Hilary Schneider, executive vice president of the Americas, is leaving Yahoo (YHOO), the company where she rose through the ranks since joining in 2006. Her most recent responsibilities included overseeing all advertising sales in the Americas. Analysts say her departure is a good thing for Yahoo, given that the company has continued to struggle in the areas where Schneider had oversight, particularly in the second quarter.
To replace Schneider, Yahoo's CEO Carol Bartz, who is also running on borrowed time, must now make one of her most important executive hires. The question is: Would Yahoo would be better off with business operations and advertising sales reporting to one executive, or should it revert back to its previous structure, with an advertising top dog and a separate business executive. Earlier this year, Bartz saddled Schneider with both tasks after Joanne Bradford, the former U.S. advertising exec, quit. While some industry watchers questioned the wisdom of combining those responsibilities, others thought it made sense.
Either way, it's Bartz's decision alone to make. But the board will hold her accountable for the success or failure of that decision.
"The choice of Hilary's replacement is Carol's responsibility. She can ask for the board's views, but it's her decision," said one person familiar with the board's thinking. "She may seek advice from the chairman or the compensation committee, but hiring executives is separate from the board's [responsibilities]."
Does Advertising Experience Matter?
Meanwhile, another person familiar with the board's thinking said at the time of Bartz's hiring that her lack of understanding of the advertising world was an issue at the time. This person questioned whether she would be able to recognize a rockstar advertising executive if she met one, and how well she could evaluate performance.
Chowdhry believes Yahoo should seek another combo executive to replace Schneider, noting it reduces the potential for infighting between divisions.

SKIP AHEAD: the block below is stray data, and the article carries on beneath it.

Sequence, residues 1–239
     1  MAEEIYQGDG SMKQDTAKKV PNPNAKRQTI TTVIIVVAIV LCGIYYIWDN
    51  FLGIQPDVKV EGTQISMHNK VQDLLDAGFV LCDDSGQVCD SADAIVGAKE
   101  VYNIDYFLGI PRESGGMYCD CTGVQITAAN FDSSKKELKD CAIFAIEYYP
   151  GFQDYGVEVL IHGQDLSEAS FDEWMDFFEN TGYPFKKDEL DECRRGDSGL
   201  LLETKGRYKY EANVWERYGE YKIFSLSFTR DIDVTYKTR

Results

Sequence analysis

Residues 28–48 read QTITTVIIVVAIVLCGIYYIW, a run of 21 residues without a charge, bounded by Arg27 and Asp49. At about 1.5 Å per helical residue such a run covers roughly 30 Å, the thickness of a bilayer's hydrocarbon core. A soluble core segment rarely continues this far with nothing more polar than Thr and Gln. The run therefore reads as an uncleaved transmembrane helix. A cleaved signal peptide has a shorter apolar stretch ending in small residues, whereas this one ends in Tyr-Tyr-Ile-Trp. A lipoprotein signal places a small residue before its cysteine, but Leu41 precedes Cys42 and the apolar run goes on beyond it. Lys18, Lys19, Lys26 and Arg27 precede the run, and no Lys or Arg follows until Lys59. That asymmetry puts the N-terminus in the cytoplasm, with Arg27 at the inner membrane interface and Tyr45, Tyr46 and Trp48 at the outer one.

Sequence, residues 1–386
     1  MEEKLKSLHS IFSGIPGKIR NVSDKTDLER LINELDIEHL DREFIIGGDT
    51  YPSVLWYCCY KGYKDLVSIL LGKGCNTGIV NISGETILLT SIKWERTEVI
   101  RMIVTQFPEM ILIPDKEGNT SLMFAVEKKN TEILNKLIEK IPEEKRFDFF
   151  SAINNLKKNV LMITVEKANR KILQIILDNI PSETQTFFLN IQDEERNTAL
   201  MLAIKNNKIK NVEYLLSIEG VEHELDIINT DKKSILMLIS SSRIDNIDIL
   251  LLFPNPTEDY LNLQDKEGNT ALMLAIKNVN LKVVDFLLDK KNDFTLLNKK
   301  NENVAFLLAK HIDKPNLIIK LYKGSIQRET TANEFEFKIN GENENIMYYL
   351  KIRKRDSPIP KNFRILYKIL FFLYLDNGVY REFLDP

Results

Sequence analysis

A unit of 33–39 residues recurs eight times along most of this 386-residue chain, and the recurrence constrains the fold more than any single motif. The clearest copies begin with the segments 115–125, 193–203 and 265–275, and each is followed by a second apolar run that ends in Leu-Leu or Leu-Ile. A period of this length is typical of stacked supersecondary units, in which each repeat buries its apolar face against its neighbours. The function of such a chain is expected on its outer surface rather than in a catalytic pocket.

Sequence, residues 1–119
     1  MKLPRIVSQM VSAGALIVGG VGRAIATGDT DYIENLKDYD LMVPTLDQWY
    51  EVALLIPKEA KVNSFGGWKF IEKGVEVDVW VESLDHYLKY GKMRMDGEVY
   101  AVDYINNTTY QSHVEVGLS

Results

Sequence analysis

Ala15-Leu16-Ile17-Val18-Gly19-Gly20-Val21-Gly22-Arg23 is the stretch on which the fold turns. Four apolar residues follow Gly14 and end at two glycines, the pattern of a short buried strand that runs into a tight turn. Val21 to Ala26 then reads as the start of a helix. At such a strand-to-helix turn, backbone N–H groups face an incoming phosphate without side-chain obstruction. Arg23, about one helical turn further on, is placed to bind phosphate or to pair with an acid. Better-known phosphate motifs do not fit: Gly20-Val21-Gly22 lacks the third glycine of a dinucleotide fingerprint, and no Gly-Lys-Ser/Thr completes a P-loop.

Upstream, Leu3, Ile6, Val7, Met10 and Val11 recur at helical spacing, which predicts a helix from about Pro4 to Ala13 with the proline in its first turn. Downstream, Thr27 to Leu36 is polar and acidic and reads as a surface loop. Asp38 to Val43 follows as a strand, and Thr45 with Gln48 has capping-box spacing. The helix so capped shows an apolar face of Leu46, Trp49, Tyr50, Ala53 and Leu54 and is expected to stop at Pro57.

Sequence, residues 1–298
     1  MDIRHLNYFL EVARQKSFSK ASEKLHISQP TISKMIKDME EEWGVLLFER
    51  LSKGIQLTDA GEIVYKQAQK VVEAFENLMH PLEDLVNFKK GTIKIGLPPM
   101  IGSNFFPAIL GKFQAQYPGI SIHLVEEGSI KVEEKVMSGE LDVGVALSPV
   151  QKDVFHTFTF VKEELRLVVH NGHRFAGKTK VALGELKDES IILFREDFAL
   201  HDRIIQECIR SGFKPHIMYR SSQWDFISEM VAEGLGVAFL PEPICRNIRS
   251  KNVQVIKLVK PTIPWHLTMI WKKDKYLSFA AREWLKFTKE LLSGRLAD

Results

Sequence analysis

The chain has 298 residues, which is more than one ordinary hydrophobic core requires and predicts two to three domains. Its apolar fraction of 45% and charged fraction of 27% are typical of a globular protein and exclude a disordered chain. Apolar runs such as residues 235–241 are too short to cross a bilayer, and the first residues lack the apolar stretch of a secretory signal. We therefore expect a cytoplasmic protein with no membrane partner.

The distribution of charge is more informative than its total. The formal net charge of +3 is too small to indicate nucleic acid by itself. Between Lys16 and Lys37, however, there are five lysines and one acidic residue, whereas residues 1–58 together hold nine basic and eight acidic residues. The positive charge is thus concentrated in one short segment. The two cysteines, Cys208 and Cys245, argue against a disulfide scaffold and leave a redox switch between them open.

Another Wall Street analyst believes would make more sense to keep them separate. "When you want to increase monetization of your operations [ie. advertising] and also grow the number of users, it's better to keep the jobs separate," the analyst said. For Yahoo, it would do well to concentrate on both.
In addition to Schneider's departure, AllThingsD, which initially broke the story, reports that David Ko, who oversees Yahoo's audience, and Jimmy Pitaro, vice president of media, are also leaving Yahoo. As Bartz continues to develop her team, these executives are part of Yahoo's constant game of musical chairs.
Yahoo issued a statement regarding Schneider's departure and also that of Ko and Pitaro:
Hilary Schneider has played a major role at Yahoo! in driving the company's strategies for content, online advertising and more. David Ko and Jimmy Pitaro have both made countless contributions to Yahoo! and have helped transform the company's mobile and content strategies in a constantly evolving business environment. We wish them all the best in their future endeavors.
The Internet company said Raymond Stern will oversee Ko's teams and duties. As for Schneider's position, Yahoo said it's currently seeking a new head of the Americas region and expects to make that announcement before the end of the year. In the meantime, Schneider will stay on to help with the transition.
Editor's Note: This post was updated on Oct. 2 to include Yahoo's statement.